So today was a little on the ragged edge. While I put in four more miles than planned, I had to call it a day with just over seven hours on foot.

I think I got a detail wrong in yesterday’s blog. Katahdin will not limit the count of hikers. I think the count given was the limit for hikers in the Birches campsite. I will confirm when I arrive and I am number fifteen. My option is to cross the road and camp in the private campground. Or stealth camp.

Katahdin 3The picture taken today of Katahdin still does not do it justice. It is huge on the horizon.

I plan now to meet Scamper at Birches lean-to #8 in mid-afternoon on the 3rd. We’ll have supper and get some sleep. At sunrise on the 4th we will start hiking together. Scamper will take the turn to Owl Trail while I continue on Hunt Trail. After I reach the summit and have a proof picture taken I will descend on Abol Trail which is a mile shorter than Hunt. It fits my daily plan: get off the trail as soon as possible.

Relentless, there are no black flies and no mosquitoes in Maine now. There also has been but one rainy night and that was while I was snugly in a hostel. The trail has been dry. The number of puddles can be measured in less than a dozen. As noted previously, I only had to ford two streams and one river. It had been a real blessing to have it be so dry.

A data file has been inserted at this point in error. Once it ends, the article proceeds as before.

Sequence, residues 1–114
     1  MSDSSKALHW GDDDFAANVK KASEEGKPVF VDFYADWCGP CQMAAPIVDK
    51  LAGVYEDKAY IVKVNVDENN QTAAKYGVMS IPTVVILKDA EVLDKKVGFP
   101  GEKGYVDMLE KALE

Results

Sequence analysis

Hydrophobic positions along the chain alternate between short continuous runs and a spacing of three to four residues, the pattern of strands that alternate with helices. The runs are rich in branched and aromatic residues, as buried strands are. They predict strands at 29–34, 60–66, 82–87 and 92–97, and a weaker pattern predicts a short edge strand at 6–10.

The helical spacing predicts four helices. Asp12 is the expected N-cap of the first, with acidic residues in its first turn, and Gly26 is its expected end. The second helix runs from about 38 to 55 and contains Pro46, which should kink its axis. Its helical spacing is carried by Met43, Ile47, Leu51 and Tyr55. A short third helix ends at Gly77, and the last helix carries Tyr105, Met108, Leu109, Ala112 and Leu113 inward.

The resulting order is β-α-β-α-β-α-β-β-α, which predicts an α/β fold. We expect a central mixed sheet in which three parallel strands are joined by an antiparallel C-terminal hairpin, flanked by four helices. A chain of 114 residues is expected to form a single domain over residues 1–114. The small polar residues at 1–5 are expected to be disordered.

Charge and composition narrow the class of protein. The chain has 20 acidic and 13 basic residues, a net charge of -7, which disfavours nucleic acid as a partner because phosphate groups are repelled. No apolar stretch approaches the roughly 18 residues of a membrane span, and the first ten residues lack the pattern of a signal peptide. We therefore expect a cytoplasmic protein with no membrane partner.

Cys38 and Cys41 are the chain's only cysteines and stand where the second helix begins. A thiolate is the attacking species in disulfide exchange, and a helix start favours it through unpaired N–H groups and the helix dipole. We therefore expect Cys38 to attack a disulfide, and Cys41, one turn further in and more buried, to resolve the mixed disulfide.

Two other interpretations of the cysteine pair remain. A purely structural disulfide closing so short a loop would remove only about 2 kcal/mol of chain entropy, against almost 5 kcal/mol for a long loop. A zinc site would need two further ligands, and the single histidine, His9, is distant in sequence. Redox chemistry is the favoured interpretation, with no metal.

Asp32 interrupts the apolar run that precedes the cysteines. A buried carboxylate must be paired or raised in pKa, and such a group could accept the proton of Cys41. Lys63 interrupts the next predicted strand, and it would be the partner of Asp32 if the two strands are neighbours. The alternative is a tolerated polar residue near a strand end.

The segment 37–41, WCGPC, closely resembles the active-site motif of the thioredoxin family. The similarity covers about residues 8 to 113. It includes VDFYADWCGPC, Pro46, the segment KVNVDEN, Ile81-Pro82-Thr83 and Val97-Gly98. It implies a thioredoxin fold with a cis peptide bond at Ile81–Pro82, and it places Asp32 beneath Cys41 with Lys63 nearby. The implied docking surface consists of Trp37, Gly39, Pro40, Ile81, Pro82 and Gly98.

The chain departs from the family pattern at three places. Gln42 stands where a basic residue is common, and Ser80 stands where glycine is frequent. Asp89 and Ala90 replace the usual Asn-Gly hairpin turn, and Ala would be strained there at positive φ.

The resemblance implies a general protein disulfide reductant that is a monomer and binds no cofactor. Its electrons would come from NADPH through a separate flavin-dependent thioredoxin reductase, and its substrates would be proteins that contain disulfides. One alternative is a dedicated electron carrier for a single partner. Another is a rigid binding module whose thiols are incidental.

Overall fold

Tomorrow’s hike will be just less than 18-miles. A section hiker advised it is all root and rock which could make for an arduous day. Then, my last three days will all be less than ten miles. I am trying more than ever to safely place each foot.

AWOL shows 44 miles to go. But it ain’t over until I safely reach the end of Abol trail and Scamper is safely there as well.

It is chilly in Maine. Should have kept my gloves for the first hour of each day. Socks are their poor substitute.

Calling it a day at 16:10. Supper to be served shortly: Mountain House rice and chicken    (cold) with a leftover breakfast bar for dessert.


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Day 122 – Last Night at Shaw’s

Start Milepost: 2105.1 Time: 6:00 IMG_7979
End Milepost: 2126.8  Time: 15:52
Miles hiked: 21.7
Miles to go: 63.00
Weather: sunny
Temps: warm
Blue Side trails:
Overnight: hostel
Map: Click on map pin

After completing yesterday’s hike I returned the specs that the postmaster gave to me and told her story of how I got mine back. She had already noted that I was wearing a different set.

I then purchased a green salad to go with my  Mountain Home stew – and Gatorade. No dessert.

The party crowd at the hostel kept me awake past lights out. I was tempted to ask for quiet but held my tongue.

My shuttle left the hostel before sunrise just as it did yesterday. I was on the trail an hour later – after paying an out of state fee to the logging company for riding on their road. I crossed the stream without incident – my sticks helped me stay afoot. The trail was fine except in a few places where roots or rocks dominated. In the peak of White Cap Mountain I got my first look at Katahdin. It dominated the horizon although the picture did not reflect that. Maybe it was my imagination.

With less than seventy miles to go I need to focus on the details. I learned this afternoon that only eleven thru hikers are allowed on the mountain each day. Now I have to time my arrival at the sign-in office. That said, I will accelerate my pace and see if I can arrive a day early and scope the situation out. Stay tuned.

Scamper arrived safely at her first stop in her drive to meet me. Events are falling into place. Hoorah.